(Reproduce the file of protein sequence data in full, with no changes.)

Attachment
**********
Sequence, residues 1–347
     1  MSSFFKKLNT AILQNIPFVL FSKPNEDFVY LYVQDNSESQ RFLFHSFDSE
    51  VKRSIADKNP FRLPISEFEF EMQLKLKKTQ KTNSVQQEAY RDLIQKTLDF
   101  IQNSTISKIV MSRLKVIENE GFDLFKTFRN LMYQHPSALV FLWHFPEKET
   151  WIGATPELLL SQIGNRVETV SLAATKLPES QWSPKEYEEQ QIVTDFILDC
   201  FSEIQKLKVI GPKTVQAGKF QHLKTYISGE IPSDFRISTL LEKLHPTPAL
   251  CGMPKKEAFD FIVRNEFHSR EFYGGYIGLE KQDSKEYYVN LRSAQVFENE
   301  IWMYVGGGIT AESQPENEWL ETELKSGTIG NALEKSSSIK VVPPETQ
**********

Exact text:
Sequence, residues 1–347
     1  MSSFFKKLNT AILQNIPFVL FSKPNEDFVY LYVQDNSESQ RFLFHSFDSE
    51  VKRSIADKNP FRLPISEFEF EMQLKLKKTQ KTNSVQQEAY RDLIQKTLDF
   101  IQNSTISKIV MSRLKVIENE GFDLFKTFRN LMYQHPSALV FLWHFPEKET
   151  WIGATPELLL SQIGNRVETV SLAATKLPES QWSPKEYEEQ QIVTDFILDC
   201  FSEIQKLKVI GPKTVQAGKF QHLKTYISGE IPSDFRISTL LEKLHPTPAL
   251  CGMPKKEAFD FIVRNEFHSR EFYGGYIGLE KQDSKEYYVN LRSAQVFENE
   301  IWMYVGGGIT AESQPENEWL ETELKSGTIG NALEKSSSIK VVPPETQ